Michelle T. H. van Vliet, John R. Yearsley, Fulco Ludwig, Stefan Vögele, Dennis P. Lettenmaier and Pavel Kabat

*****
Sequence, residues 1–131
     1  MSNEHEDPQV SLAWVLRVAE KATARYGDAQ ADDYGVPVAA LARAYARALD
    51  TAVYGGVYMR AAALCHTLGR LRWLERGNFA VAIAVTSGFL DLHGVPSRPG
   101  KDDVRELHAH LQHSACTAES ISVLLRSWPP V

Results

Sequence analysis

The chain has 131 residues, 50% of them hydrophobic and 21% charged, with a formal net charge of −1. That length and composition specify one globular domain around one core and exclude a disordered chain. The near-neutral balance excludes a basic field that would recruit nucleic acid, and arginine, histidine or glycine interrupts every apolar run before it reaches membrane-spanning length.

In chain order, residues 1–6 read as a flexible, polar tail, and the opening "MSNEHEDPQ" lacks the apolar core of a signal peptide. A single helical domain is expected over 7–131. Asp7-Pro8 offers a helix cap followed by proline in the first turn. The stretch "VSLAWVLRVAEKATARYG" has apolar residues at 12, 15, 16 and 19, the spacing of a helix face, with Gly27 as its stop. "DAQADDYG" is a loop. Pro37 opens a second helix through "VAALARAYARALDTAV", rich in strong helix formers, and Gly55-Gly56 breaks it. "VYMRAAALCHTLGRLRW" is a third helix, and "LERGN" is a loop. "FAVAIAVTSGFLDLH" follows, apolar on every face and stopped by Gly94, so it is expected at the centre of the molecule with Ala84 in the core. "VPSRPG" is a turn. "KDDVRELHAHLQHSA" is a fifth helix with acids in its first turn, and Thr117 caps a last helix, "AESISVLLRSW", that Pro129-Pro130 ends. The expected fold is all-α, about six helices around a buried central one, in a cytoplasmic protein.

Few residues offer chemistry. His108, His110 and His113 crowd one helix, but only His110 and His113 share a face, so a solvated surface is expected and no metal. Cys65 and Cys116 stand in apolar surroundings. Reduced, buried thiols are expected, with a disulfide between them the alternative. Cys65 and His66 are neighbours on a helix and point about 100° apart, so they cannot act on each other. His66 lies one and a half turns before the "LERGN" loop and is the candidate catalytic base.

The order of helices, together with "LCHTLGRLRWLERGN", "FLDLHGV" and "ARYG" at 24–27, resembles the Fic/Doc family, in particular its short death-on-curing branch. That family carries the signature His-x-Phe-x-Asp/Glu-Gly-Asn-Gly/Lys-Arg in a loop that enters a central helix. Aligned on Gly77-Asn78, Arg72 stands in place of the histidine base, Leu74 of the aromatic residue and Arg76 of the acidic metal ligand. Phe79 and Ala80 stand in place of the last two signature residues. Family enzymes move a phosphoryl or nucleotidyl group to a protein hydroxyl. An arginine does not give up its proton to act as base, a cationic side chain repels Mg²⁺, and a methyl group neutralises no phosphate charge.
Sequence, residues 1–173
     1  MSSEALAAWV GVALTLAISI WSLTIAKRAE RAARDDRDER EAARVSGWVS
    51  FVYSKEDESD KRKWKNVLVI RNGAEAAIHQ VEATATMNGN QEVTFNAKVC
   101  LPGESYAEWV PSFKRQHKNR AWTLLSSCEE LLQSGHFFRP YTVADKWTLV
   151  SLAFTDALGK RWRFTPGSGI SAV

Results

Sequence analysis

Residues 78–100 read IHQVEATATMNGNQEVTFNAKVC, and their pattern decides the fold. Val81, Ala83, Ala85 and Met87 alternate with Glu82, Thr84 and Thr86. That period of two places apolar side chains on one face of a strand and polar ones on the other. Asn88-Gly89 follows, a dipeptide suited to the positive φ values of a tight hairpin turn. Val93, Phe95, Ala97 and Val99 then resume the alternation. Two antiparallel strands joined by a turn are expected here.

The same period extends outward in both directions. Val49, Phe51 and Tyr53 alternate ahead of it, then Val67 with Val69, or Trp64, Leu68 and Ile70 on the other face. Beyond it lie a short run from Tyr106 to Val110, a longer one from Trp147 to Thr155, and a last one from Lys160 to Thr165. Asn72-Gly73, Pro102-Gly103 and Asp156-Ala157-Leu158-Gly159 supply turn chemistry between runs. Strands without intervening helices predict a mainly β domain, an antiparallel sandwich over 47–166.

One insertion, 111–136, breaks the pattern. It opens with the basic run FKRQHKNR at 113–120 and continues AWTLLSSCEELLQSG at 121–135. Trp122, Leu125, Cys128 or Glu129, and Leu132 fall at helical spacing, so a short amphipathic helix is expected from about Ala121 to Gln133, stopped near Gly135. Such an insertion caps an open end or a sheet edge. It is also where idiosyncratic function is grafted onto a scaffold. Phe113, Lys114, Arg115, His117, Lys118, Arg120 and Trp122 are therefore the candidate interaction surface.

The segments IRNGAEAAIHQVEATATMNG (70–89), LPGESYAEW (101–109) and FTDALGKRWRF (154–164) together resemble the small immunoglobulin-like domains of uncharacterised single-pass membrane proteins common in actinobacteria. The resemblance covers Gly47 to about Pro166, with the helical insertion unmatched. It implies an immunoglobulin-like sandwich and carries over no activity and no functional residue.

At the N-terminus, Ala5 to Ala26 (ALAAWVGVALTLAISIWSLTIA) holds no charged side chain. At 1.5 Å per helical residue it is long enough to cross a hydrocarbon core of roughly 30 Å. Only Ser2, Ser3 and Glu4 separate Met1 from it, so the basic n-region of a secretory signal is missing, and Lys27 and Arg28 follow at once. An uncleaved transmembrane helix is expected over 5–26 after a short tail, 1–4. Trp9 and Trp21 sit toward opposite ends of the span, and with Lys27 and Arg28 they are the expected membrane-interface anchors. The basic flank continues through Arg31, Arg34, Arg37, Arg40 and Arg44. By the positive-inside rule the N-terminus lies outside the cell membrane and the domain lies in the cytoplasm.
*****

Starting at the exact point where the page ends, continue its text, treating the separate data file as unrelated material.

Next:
In the United States and Europe, at present 91% and 78% (ref. 1) of the total electricity is produced by thermoelectric (nuclear and fossil-fuelled) power plants, which directly depend on the availability and temperature of water resources for cooling. During recent warm, dry summers several thermoelectric power plants in Europe and the southeastern United States were forced to reduce production owing to cooling-water scarcity2–4. Here we show that thermoelectric power in Europe and the United States is vulnerable to climate change owing to the combined impacts of lower summer river flows and higher river water temperatures. Using a physically based hydrological and water temperature modelling framework in combination with an electricity production model, we show a summer average decrease in capacity of power plants of 6.3–19% in Europe and 4.4–16% in the United States depending on cooling system type and climate scenario for 2031–2060. In addition, probabilities of extreme (>90%) reductions in thermoelectric power production will on average increase by a factor of three. Considering the increase in future electricity demand, there is a strong need for improved climate adaptation strategies in the thermoelectric power sector to assure future energy security.